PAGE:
My son goes to CBC. It is not perfect, but it is very Catholic. They begin every class with a short prayer, "Let us always remember we are in the presence of God." They have Catholic Youth Nights, a weekly prayer meeting before school, send a busload of kids to DC and do tons of service work. They also require four years of religion classes.

Also, the La Sallian mission is to educate a diverse group of students. Therefore, they offer accommodations for students with learning disabilities, a great honors program and offer scholarships to students with financial need from all over St. Louis.

Like I said, they are not perfect. There are 1000 students and of course that means a diverse set of people. But, we are very happy with it. I understand your point, but I have also had experience with a school that had all of the outward signs of Catholic orthodoxy and had some very harmful stuff going on. You just cannot judge by an ad.

StGuyFawkes said...

Dear Anon 17/2010 21:05,

Congrats on your football victory over my U-High this evening. You've got a great team, and I think we gave you a good game.

(Except y'all did start a fight down at Savis after whipping us in hockey a coupla years ago. Although some of our nastier cheers may have had something to do with the subsequent rowdiness.)

Hey, we still beat you in soccer.

Best Wishes,

St. Guy

Anonymous said...

I was informed the other day that the all-girls school I went to has a religion teacher who "outed" herself to the students at an overnight retreat. She told them each of them had to reveal a secret and that was hers. As far as I know, nothing has been done. The parent who told me this didn't want to "rock the boat," either. Ug.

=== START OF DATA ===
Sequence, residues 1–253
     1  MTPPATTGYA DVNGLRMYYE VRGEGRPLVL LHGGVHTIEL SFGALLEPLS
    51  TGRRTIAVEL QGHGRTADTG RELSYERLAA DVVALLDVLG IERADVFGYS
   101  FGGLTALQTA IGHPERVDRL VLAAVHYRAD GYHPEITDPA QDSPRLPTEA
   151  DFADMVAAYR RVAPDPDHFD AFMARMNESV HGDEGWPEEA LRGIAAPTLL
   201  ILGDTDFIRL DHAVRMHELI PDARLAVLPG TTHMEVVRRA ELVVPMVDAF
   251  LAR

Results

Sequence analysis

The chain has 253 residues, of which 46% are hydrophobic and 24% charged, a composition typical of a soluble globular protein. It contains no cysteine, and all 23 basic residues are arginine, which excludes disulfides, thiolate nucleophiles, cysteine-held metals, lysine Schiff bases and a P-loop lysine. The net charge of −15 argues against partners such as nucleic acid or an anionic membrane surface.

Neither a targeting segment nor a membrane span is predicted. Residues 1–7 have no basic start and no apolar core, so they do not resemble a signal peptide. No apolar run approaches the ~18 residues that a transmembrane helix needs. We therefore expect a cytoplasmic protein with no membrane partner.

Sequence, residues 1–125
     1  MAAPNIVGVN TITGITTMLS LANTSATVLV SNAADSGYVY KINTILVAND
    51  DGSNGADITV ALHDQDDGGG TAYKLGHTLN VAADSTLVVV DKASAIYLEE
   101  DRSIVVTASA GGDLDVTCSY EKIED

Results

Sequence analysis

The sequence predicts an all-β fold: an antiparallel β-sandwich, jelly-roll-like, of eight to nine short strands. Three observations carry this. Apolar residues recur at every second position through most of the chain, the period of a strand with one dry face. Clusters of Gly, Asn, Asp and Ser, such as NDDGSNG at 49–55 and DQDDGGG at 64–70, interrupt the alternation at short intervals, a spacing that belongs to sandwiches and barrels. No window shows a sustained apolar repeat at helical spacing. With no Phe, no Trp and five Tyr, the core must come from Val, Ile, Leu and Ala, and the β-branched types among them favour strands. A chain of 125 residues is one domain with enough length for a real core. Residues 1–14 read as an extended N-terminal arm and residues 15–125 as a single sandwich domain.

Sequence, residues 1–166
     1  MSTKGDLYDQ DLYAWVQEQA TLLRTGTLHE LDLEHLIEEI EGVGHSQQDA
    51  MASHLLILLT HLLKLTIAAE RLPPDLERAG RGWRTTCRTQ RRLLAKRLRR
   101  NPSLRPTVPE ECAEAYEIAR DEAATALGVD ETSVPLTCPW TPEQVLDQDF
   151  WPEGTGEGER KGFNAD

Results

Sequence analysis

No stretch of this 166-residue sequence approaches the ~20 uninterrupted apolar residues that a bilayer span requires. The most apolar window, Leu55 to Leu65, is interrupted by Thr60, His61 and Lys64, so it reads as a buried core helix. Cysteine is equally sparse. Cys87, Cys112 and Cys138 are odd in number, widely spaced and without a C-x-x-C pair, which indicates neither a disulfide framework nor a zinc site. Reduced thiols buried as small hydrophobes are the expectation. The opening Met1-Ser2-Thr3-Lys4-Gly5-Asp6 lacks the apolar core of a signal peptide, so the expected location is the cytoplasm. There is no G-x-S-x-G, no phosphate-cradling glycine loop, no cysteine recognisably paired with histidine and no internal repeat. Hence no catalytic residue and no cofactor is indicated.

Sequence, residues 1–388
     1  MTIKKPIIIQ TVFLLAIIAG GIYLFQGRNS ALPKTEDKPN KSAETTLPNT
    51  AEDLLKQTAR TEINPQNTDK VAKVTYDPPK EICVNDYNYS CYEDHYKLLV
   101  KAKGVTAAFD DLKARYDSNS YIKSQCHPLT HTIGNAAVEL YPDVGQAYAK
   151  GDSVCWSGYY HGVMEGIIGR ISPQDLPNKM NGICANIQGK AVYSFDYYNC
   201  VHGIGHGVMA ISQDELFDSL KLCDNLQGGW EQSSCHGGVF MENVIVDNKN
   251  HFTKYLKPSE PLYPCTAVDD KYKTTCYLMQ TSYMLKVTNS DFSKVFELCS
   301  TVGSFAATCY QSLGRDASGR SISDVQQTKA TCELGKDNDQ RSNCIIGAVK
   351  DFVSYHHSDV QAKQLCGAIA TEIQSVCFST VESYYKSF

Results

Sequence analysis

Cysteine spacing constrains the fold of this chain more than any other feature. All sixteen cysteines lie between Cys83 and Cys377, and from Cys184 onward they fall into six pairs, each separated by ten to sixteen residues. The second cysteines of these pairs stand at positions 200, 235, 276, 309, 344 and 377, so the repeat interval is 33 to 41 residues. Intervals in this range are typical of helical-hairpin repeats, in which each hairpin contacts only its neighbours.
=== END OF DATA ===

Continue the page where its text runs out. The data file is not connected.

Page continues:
This same school's sisters' website does not mention the word Catholic until it tells you the requirements to join their order. Needless to say, there aren't any new members.

Tim, perhaps they don't say Catholic any longer because they're not.

St. Francis de Sales, pray for us.

Anonymous said...

Best wishes to you too St. Guy!

Cathy D said...

JFK has one other advantage in their ad: it has my lovely daughter in the picture!

My husband and I have been very happy with the school. I wish they had mass more often, but they have some great teachers and their chaplain is top notch!

Peggy said...

I should have asked why you may have the ad on hand still, Timman.

Was Althoff Catholic High School in Belleville listed? "Catholic" is in the name, so it would have made the same category as Gibault and some others you mentioned. Thanks.

Lots of families in the Gibault "district" are from STL county and some send their kids back to STL Catholic H.S. after they finish the local parish grade school. As an Illinoisan, I take is as some bit of snobbery on the parents' part. But there may indeed be some more solid schools in STL than Gibault.

Peggy said...

I had to come back to this post of yours with this text from Bp. Braxton's homily to diocesan H.S. freshman at the Cathedral this fall:

"[The bishop] reminded the students that the Catholic high schools did not exist because of their strong academic programs or the sports and other extracurricular activities that are offered at their schools.

The schools exist because of Jesus of Nazareth, his preaching and his teaching, the bishop said. “Learn your faith; love your faith; and live your faith,” the bishop told the graduating classes of 2014."